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Embracing the "New" Me


The last year has been extremely hard on my mental health and motivation. I’m going to go over the events that happened in that year, then what I experienced as a result, and finally where I am now.

Life Events in 2019

January - April 2019

For the first few months of 2019, I was off my birth control in order to qualify for the Orlissa clinical trial. I was trying Orlissa after my gynocolgist kept pushing me to try it even though my gut said not to. Being off birth control brought my pain to an all-new high. I finally got on Orlissa in April. After a week of being on it, I started to have side effects. I experienced severe nausea and was forcing myself to throw up just to feel relief. I had abdominal cramping and worst of all, I had severe suicidal thoughts. Luckily I’m usually able to evaluate myself and know when an outside source (other than my own brain) is worsening my depression so I stopped the Orlissa.

May - July 2019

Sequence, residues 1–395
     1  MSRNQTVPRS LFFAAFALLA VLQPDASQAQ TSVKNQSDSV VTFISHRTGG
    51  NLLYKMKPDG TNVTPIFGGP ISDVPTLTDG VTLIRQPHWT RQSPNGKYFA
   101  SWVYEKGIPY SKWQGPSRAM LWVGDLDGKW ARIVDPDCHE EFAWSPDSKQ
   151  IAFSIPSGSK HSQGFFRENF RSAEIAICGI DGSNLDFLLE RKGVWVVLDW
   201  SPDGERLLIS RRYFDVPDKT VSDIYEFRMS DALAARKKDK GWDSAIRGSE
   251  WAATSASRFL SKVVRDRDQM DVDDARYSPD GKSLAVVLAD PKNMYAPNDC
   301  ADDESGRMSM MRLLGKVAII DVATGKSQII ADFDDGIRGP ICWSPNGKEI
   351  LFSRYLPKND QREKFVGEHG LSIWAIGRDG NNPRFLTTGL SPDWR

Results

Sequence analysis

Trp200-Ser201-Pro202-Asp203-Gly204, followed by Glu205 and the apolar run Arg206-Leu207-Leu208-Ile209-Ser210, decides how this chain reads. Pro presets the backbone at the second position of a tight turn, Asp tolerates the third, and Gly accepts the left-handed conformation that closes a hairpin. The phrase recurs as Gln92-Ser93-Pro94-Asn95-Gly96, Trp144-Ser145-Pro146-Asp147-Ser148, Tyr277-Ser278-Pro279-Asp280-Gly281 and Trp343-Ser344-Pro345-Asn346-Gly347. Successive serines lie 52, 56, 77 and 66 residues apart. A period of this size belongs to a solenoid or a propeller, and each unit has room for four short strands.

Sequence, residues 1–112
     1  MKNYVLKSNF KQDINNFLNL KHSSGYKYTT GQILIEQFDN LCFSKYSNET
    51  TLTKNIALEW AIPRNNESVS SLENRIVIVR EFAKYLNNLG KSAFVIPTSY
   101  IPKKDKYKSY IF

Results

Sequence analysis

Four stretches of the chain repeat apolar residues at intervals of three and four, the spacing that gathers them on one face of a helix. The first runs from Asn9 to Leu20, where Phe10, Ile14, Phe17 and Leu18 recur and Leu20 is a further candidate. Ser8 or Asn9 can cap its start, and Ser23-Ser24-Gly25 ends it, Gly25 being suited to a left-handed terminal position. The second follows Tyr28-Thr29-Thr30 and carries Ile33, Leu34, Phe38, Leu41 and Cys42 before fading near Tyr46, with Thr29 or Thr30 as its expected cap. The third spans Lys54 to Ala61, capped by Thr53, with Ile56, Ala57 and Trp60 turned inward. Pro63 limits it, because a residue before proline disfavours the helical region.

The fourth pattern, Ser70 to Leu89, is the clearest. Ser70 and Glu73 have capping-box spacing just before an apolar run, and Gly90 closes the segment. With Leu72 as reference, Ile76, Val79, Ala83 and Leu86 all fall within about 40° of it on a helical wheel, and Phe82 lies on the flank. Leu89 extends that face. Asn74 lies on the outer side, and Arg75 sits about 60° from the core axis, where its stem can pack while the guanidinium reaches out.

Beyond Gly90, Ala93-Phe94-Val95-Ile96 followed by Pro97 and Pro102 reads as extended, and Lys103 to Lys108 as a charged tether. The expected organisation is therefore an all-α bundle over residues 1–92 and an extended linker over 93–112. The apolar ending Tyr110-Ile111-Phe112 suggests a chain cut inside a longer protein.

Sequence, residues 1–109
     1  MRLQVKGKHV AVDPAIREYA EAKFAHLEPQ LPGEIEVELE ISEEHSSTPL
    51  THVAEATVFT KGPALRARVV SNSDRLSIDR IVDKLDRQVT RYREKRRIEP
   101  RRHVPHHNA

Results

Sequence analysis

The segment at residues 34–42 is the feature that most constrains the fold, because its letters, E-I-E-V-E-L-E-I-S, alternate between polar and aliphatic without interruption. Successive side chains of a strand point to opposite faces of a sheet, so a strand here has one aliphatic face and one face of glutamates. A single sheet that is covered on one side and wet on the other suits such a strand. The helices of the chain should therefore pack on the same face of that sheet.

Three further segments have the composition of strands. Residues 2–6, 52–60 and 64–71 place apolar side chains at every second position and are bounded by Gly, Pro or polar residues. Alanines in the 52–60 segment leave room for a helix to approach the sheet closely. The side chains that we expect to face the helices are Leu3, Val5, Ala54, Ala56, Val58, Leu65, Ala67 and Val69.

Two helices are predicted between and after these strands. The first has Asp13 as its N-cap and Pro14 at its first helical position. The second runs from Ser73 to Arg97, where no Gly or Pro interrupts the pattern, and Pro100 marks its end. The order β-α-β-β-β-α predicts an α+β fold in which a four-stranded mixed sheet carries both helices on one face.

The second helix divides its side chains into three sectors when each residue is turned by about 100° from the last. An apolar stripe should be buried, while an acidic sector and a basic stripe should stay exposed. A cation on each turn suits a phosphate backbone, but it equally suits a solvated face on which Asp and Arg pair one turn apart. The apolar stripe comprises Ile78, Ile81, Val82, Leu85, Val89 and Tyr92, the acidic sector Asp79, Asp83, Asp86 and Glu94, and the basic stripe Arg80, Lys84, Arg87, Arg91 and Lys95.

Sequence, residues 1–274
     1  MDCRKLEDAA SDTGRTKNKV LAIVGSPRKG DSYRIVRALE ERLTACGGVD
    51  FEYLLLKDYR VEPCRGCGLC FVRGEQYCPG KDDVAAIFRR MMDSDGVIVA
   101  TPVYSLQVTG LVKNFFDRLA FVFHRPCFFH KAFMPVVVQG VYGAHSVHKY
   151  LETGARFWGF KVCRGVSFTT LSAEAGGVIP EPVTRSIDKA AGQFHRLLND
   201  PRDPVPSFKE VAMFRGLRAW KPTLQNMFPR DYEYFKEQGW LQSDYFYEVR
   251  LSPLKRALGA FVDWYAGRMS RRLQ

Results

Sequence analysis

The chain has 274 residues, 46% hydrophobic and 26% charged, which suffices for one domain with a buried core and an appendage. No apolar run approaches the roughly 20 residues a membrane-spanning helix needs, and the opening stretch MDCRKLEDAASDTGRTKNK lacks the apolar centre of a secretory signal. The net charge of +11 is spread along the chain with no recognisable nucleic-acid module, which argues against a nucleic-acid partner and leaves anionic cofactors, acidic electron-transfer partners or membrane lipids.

I then talked to my gynecologist and we agreed for me to go back on my birth control and have my 3rd ablation. Sadly I had no idea about excision and thought my gyno was an endometriosis specialist. The surgery was in LA and I went by myself since my boyfriend and mom were traveling. Luckily my mom took a flight to LA on the day of my surgery and picked me up that evening. Unfortunately, the surgery didn’t give me any relief and I ended up in the ER 2 weeks after with a virus caused by surgery. It was a constant downhill after that. I had tons of mystery symptoms appearing and not a single doctor could tell me what was wrong. I kept looking for answers for the next few months.